I thought it would be intriguing to ask painters this simple yet complex question. This query comes with no ground rules—it’s up to each individual artist to find their own approach and direction.
This project will be an ongoing exploration … let’s see where it takes us.
What is Painting?
Featuring Tracy Ostmann Haschke
One of three feelings comes over an artist when they enter their studio to work; an exhilarating, happy feeling about the prospects of the day’s work; a dreadful, forlorn feeling toward the day’s productive outcome; and what is my least favorite, the feeling of nothingness. On those days, I can’t help but remember a quote made by almost every art teacher, “If you continue to stare at a blank surface, you get a blank surface.”
As annoying as I found that proverb the first time I heard it, I believe there is truth in this statement. If I waited for the desire to create to come to me solely by the force of nature, I would be in deep shit. So, no matter how I feel in the morning at 8:30, I go, and I stay, no matter what. I force myself to paint because this regiment is how I developed my skills and what I’ve learned after 25 years is that it all matters. Every mark on my canvas is a step, a visual cue that alters my thoughts after each stroke. The physical back and forth movement of the brush and the relentless free-flowing thoughts is a methodical assemblage that moves me toward a finished painting. Throughout this state of mind and body, choices are made regarding subject, color, tool, thickness, and placement. After an hour or two, notice the time has gone by and in front of me is a good start to a painting and even better, a euphoric state of peace that carry through the rest of my day.
Does this make painting my ultimate “passion”? I have a love/hate relationship with painting. Days when I am least interested in pursuing my craft, days when I sure as hell don’t feel like looking at a blank canvas, are the days I make fantastic paintings.
All the mental and emotional distress over decisions regarding subject matter, color scheme, brush stroke sheen, and knowing WHEN TO STOP all systematically feed one another. As a result, it is important for me to not take it all too seriously. What I mean is, it is important for me to keep myself in check regarding what I am actually doing here in this large room, freezing my ass off, breathing in toxic fumes. If I want to achieve the image I can already halfway visualize in my mind I need to make good decisions but remain “light minded” at the same time. This is not always an easy feat. At times, it’s like walking a tightrope while trying to envision my “happy place.”
Why do I endure the torment of painting? Painting can be an aerobic workout or a quiet meditation. Every day I see remnants of the brush strokes I made on the first day and on the second, third and fourth days. When I reach a point in the process where I can see the finish line? THAT is the reason I paint. Making the final marks on a painting pulling together all the loose ends is pure joy.
And in the moments following a finished painting? I do what I bet all artists do; sit and stare at it. If I smoked, I’d light up like the end of great sex. I will keep my wet brushes nearby in case I feel the urge to tweak the final outcome. But most of all, I try to make the very important decision to leave the painting alone. Knowing when to say when is the final decision a painter makes.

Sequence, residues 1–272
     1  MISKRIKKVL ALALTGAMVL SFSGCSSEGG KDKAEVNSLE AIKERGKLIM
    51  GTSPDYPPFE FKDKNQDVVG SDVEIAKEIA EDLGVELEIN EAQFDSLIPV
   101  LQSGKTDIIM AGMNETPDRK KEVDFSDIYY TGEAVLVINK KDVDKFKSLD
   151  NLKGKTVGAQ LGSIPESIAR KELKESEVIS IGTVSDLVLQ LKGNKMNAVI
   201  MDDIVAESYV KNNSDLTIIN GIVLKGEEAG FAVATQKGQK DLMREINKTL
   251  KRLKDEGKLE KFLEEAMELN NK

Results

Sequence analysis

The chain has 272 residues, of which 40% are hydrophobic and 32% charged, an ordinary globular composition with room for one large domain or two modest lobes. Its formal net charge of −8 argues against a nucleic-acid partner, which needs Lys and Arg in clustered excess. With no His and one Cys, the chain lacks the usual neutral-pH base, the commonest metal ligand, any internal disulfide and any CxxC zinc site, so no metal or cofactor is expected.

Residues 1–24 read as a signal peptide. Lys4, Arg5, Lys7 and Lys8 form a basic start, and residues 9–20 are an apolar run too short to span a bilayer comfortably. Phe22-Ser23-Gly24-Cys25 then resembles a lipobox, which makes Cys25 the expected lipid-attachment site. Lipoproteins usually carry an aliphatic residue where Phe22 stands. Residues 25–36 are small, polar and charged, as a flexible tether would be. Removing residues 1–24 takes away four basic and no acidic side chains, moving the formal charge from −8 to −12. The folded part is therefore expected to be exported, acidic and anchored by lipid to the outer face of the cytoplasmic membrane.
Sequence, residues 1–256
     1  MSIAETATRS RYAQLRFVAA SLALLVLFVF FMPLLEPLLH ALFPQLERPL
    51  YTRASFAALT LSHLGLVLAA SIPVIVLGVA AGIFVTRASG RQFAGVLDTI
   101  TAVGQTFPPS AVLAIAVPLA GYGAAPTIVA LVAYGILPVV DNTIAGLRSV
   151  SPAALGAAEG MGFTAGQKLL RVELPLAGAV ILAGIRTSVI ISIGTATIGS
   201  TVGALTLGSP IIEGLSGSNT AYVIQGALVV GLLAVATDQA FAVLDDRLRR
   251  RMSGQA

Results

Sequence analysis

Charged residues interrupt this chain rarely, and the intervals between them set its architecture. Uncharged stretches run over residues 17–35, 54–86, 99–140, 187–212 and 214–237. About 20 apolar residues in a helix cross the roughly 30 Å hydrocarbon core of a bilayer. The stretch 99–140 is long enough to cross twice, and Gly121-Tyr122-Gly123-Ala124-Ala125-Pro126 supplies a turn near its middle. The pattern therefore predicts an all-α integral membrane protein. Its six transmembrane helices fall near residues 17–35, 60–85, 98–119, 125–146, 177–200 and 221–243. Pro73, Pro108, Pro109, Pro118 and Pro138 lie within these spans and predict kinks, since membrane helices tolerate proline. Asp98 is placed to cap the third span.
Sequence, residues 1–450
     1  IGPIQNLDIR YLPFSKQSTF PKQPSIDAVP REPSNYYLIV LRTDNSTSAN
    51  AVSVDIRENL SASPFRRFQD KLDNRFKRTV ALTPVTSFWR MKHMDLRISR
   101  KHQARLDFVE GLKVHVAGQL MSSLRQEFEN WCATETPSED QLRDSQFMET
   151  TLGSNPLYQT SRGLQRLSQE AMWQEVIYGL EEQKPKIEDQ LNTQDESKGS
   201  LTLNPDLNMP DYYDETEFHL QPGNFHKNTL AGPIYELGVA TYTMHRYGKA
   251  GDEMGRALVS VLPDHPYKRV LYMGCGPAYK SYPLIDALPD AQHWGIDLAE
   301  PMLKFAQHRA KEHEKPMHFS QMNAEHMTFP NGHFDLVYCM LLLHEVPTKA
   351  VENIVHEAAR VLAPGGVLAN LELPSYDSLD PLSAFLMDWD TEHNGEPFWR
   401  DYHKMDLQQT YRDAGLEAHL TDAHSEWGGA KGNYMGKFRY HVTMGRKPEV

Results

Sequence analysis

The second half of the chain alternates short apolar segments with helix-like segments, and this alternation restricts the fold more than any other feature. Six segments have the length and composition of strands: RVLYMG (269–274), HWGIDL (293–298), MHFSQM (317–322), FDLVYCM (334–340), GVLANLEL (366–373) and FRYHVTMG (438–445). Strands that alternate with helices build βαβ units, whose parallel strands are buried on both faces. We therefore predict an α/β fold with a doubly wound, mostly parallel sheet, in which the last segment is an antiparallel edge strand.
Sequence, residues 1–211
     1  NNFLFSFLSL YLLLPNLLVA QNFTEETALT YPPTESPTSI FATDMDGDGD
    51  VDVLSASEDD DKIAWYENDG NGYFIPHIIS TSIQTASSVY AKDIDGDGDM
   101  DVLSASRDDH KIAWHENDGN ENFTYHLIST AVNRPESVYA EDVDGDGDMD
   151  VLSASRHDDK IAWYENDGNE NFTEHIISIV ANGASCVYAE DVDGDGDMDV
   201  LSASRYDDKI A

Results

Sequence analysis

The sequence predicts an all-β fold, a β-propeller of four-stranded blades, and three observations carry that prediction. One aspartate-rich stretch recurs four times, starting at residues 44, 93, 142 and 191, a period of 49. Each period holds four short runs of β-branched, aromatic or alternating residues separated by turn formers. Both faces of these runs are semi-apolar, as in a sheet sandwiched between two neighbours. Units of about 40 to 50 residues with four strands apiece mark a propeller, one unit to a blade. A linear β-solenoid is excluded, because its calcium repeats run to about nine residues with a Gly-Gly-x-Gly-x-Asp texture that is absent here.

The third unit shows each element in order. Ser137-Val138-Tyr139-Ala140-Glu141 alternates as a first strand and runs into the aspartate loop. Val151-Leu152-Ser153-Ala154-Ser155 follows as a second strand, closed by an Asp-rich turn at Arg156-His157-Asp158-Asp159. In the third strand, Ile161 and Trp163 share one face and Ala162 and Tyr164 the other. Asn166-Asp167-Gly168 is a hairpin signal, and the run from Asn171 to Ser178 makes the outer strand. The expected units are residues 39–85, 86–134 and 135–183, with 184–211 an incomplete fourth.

So, What is Painting? Painting is hard work. It is often misconstrued as a fun and pleasurable hobby, and while there are moments of elation, they are but a miniscule part of the painstaking process. A successful painting results from diligence, mental fortitude and stamina, patience, resourcefulness, endurance, and the strength to say “enough” and genuinely feel good about that decision.
Tracy Ostmann Haschke, Bath Time, oil on canvas, 15″ by 15″, 2015
As a native of rural Missouri, my artistic roots grew from a family of craftsmen and artisans—wood workers, clockmakers, furniture builders, potters and painters. I have followed the same path in making art as my ancestors before me.
After getting my B.F.A from Webster University in St. Louis, Missouri, I received a Post Baccalaureate certificate from The Art Institute of Chicago. I stayed in Chicago to pursue my art career. I started exhibiting in coffee shops, restaurants bars, and art festivals. I’ve participated in several gallery exhibits throughout the past twenty years, but still welcome public space venues. My work is included in several private residences throughout the United States including South Africa, Argentina, and Cuba. In 1998 I started my own decorative painting business called Studi-O to support my art. My services included: painted murals, decorative wall and furniture finishes, designing and constructing sculpture, and mosaics for businesses, residences and museums, including The John G. Shedd Aquarium, The field museum, The Chicago Historical Society, as well as Northwestern Memorial Hospital, Jelly Belly Candy Co., Warner Brothers, The University of Pennsylvania, Art and Soul restaurant in Washington D.C., and Harvest Manor Nut Company. Today, I continue to create new work and am constantly seeking out venues for shows as well as commission opportunities. Most of my work is somewhat representational, but not always. I mainly work in oil but stray from that often to explore other avenues to being creative. I have resided in E. Garfield Park for fifteen years with my husband and two children.
The What Is Painting? Project – More Featured Artists